Originally Posted by Divemaster
Time reports tens of thousands of Spanish truckers began an indefinite strike over soaring fuel costs that could bring the country to a standstill. This could really nail anyone who has to breeze through Spain to a port and if strikes spread to other industries and to other countries we could see folks getting stranded during European travel.
Add to this the fact that many smaller, connecting flight airlines may not make it this fall....
Call me an auditor, but I detect some elevated risk now in overseas travel.
Having returned from Europe a few weeks ago I see a number of issues that are similar to issues we are having here in the U.S. plus a couple more. They too are suffering through high fuel costs that are adding to the costs of goods and contributing to inflation. Their current inflation rates in EU countries is around 3.5 to 4%. Prices reflect this plus the added taxation make goods more expensive than in the U.S.
The "cheap" inter-Europe flights that Europeans were used are also going to be more expensive. They already are. $99 Frankfurt to Rome flights were quite common now they are more than double.
For cruisers, add the poor exchange rate of the dollar ($1.54/1 euro) and Europe is not a great destination for "shopping" or excursions. Tours are more expensive now than in previous years, even if you pay in dollars. If you do some self walking tours and keep your purchasing down a cruise is the best way to "see" Europe without going broke.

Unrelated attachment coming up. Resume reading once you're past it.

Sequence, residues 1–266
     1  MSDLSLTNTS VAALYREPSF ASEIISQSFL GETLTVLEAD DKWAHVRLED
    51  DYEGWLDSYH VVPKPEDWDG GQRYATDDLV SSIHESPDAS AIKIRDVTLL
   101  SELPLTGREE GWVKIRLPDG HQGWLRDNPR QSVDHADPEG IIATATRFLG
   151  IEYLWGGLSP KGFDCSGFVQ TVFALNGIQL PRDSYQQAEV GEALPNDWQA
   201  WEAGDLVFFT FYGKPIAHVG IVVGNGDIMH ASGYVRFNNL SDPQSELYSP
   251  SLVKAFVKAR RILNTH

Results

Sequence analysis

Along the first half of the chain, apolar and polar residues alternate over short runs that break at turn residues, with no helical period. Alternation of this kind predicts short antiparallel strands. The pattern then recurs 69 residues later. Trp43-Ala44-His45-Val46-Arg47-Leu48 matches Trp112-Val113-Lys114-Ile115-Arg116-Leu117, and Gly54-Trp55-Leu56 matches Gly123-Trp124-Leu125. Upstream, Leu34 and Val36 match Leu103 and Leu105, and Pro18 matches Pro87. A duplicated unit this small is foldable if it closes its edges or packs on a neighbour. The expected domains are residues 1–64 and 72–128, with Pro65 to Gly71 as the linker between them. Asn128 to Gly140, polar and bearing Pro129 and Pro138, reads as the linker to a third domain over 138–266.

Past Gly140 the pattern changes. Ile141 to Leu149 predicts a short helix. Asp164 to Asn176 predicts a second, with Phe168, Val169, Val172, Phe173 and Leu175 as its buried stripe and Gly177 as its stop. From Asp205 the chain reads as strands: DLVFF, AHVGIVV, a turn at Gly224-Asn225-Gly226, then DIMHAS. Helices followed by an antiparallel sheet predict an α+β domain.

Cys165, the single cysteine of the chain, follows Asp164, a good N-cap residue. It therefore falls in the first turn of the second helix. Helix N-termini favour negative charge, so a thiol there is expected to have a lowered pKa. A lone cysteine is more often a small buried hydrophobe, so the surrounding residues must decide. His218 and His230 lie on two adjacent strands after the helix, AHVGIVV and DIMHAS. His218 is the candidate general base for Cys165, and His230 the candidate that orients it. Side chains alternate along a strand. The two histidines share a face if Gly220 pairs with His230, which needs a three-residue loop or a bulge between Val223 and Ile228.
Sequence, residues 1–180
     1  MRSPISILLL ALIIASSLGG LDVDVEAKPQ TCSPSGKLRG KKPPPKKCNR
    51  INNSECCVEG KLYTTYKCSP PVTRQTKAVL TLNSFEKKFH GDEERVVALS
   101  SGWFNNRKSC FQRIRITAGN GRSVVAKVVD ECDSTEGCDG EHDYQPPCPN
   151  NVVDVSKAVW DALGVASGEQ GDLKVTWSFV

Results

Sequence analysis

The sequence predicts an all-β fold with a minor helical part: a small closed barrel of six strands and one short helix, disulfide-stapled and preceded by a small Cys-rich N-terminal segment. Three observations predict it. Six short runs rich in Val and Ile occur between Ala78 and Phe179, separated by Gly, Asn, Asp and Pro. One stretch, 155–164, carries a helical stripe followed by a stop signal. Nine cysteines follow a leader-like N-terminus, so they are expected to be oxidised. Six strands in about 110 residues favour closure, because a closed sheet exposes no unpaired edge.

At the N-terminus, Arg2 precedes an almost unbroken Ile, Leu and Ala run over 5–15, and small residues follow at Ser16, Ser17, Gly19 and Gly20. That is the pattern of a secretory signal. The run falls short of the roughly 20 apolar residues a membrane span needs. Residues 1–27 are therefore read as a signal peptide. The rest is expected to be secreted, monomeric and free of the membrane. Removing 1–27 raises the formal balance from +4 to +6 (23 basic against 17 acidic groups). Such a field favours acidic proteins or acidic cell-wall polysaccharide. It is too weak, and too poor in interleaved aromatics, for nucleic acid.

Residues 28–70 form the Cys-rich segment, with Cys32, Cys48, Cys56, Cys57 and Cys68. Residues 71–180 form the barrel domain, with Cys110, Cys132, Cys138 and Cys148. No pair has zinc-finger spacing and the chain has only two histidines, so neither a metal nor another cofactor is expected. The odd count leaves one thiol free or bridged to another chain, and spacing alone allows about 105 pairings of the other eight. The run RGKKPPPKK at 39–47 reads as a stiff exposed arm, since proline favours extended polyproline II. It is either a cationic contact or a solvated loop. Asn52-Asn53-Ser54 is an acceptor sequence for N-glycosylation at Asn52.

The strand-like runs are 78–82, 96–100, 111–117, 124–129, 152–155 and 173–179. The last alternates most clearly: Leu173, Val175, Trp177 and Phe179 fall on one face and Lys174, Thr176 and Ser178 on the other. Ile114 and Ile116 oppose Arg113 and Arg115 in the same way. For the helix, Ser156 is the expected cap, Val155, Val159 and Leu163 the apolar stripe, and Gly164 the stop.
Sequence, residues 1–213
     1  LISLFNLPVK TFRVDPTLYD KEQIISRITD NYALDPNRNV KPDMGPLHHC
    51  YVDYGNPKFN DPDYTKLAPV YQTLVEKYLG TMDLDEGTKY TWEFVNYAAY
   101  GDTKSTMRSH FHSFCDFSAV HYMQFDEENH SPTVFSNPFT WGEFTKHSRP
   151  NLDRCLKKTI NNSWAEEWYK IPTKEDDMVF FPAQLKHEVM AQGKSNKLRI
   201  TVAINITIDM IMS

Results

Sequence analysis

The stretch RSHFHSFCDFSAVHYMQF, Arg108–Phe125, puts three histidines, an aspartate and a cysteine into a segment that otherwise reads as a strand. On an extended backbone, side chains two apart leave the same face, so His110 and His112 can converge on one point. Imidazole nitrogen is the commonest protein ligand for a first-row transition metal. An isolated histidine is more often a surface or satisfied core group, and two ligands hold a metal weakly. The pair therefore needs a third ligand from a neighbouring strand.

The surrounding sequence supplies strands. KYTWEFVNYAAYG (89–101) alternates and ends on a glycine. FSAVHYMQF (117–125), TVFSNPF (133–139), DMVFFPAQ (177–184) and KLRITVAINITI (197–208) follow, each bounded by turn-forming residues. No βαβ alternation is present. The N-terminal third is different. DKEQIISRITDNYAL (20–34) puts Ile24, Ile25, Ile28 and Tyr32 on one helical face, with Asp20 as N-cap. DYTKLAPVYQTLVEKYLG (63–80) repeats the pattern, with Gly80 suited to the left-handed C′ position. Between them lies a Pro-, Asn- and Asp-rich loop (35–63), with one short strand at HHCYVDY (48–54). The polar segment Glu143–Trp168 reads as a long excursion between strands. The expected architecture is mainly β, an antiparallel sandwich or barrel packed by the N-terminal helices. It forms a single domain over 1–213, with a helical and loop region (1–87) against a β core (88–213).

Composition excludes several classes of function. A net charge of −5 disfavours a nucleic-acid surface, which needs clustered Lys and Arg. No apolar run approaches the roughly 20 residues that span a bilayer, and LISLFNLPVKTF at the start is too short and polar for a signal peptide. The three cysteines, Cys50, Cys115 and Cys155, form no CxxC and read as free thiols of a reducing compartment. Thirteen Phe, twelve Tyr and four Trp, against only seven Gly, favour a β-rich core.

The high value of the Euro against the dollar is actually having a negative impact for the EU because this means less European goods are being purchased by the U.S.. This is contributing to their inflation and lowering their GDP. Not good.
In regard to the truckers strike, the same thing may be right around the corner here in the U.S.. It has already happened on smaller scales around the U.S.. My brother is a V.P. for a large trucking company and they are in a world of hurt. They have cut back on the size of their fleet and have raised their rates almost 40% because of high fuel costs. Small trucking companies are either going out of business or are being gobbled up by larger companies for a song. They can't afford the fuel, maintenance and insurance costs to run their fleet. At almost $5.00 for diesel it is almost impossible for an "independent trucker" to make a living. The only alternative is to raise prices so high that it will be passed on to the consumer and we will end up with inflation on the consumer product level. Many inflation statistics remove "fuel" from the equation.
I also see that cruise lines will are also facing problems and challenges that are equal to what they faced after 9/11. With the added cost of fuel, rising air fares and inflation costs they will need to keep competitive with other vacation alternatives plus pull in customers to fill the large fleets they have compiled and still make a profit. It will be a challenge.